And in Fort Worth, native son Guy Stroman — one of the original cast members and creators of the musical Forever Plaid, pictured — returns to direct and choreography Casa Manana’s latest production, to coincide with the company’s gala.

For fun in a theater that doesn’t have any actual plays, see Public Radio icon Ira Glass at the Winspear on Saturday with his presentation Reinventing Radio. And Cowtown’s quadrennial presentation of the 14th Cliburn International Piano Competition is already under way. And over at Victory Park, Clint Mordecai opens an exhibit of his new artwork at the Cirque Apartments as a benefit for DIFFA Friday.

—  Arnold Wayne Jones

Fashion roundup

2photoLast Thursday was Dallas’ most fashionable day of the week — perhaps the year. On the heels of DIFFA the previous Saturday, three fashion events spread throughout the day captured our imaginations — and monopolized our time. (You can link to photos from all of the events here.)

It  started in the morning with the cancer fundraiser Dress 4 Yellow, a luncheon and runway show at the Adolphus Hotel. With most (but not all) fashions splashing shades yellow, it was a canary-like kick off to spring.

The only men’s fashions to walk the catwalk were from Nike Golf, but one of the highlights was the appearance of a cancer survivor among the male models. Two women, although cancer survivors, both showed off the fashions of the day, and all were stunning. But this event was less about fashion itself than about hope — a message spread especially poignantly during the luncheon by former NFL player Dhani Jones, dapperly decked in one of his own bowties, designed for the LiveStrong Foundation. Jones’ personal story of being touched by cancer added a serious and sobering moment to all the glam.

The afternoon benefited from beautiful weather and low winds for the outdoor “What to Wear” fashion show at Mockingbird Station. Hosted by DFWStyleDaily.com editor Lisa Petty, who led a panel commenting on the horseshoe runway of fashions available from retailers at the upscale development, it took on the theme of Las Vegas glitz, with the panel commenting on trends like layered necklaces and how to pack for a weekend in Vegas to maximize looks in a minimum of space. Plus appearances by members of FC Dallas soccer team added some beefcake. (Arnold Wayne Jones)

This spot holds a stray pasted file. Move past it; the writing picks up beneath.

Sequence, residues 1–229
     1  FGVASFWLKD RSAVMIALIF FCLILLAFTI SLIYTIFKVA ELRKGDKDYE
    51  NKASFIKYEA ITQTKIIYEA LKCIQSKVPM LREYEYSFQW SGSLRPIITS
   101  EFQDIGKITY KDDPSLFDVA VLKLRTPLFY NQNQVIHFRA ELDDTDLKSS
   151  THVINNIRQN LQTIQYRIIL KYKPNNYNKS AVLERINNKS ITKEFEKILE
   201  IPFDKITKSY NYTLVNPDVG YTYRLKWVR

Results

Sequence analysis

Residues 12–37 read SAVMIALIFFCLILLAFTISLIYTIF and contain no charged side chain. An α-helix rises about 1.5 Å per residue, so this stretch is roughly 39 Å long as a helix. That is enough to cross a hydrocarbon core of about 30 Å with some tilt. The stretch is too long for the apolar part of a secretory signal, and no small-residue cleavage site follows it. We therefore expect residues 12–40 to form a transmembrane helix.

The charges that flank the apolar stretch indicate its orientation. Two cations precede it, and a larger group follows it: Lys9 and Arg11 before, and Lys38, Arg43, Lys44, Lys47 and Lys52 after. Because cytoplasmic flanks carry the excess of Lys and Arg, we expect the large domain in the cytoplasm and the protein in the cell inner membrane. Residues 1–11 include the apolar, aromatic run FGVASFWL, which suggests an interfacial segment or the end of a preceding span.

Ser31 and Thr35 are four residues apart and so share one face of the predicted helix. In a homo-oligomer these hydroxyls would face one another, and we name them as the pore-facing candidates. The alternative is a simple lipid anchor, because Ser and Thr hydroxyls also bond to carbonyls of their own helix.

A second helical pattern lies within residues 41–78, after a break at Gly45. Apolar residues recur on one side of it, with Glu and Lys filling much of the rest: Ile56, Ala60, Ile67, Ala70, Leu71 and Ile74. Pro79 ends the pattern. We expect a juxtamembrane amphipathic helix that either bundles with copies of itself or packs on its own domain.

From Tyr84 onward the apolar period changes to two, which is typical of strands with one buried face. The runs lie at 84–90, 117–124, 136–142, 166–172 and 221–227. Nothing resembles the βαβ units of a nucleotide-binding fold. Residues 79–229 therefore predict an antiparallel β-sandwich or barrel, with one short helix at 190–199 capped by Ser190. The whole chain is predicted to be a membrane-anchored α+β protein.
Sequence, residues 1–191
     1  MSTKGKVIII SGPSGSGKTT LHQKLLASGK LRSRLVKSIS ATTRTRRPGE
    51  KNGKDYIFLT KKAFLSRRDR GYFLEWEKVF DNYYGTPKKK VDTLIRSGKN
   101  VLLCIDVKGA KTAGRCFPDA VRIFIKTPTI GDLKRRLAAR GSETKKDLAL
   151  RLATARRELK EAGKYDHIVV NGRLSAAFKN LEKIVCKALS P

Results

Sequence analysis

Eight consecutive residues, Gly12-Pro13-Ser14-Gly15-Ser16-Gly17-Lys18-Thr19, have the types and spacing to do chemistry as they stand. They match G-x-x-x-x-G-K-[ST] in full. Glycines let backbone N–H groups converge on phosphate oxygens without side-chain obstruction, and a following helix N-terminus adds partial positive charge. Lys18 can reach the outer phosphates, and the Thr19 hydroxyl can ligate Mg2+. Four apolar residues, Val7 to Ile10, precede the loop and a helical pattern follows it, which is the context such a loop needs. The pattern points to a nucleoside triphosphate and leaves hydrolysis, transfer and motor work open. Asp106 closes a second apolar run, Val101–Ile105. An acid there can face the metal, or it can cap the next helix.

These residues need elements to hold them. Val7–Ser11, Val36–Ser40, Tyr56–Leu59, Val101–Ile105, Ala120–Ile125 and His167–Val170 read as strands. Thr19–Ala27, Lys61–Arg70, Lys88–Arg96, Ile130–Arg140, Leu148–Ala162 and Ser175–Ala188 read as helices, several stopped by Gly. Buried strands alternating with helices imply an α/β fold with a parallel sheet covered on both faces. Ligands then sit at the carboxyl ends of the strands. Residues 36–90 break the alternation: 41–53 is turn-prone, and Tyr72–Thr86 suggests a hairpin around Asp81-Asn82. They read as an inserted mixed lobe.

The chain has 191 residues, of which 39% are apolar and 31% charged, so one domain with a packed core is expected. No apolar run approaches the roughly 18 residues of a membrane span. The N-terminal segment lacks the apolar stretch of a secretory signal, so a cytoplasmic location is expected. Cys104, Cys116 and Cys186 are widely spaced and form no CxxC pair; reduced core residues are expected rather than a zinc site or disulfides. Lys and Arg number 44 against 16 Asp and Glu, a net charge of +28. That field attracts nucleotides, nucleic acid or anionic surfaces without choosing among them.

In the evening, fashions took wing at the Frontiers of Flight Museum, a creative and diverse range of designs turned up the heat on the runway for the annual Fashion Cited show, benefiting Legal Hospice of Texas.

—  Arnold Wayne Jones

Scenes from Dress 4 Yellow, Mockingbird Station fashions

—  Arnold Wayne Jones

Scenes from DIFFA’s runway show

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For the second year, DIFFA’s gala went toward the glam of smoking jackets — you saw a lot less denim than in previous years, but just as much skin, with a runway show that popped with fabulosity. The drag queens from the Rose Room probably got the biggest ovation when they took the stage in all-out ownership; touchingly, in the program they dedicated their performance to their recently passed colleague, Erica Andrews.

But drag wasn’t the only look — there were some rockin’ designs, from a French Revolution theme to sexy men’s clothes (the men sometimes in high heels themselves) and of course the auctioned jackets. Add to that Sue Ellen herself, Linda Gray, helping with the live auction portion, and it was an event worthy of gala.

See more pictures after the jump.

—  Arnold Wayne Jones

This week’s takeaways: Life+Style

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Our Readers Voice Awards issue is out now, and you see what won all the favorites of our readers — from favorite personal trainer to hottest bartender to top local chef — but there’s also tons more going on in town this week.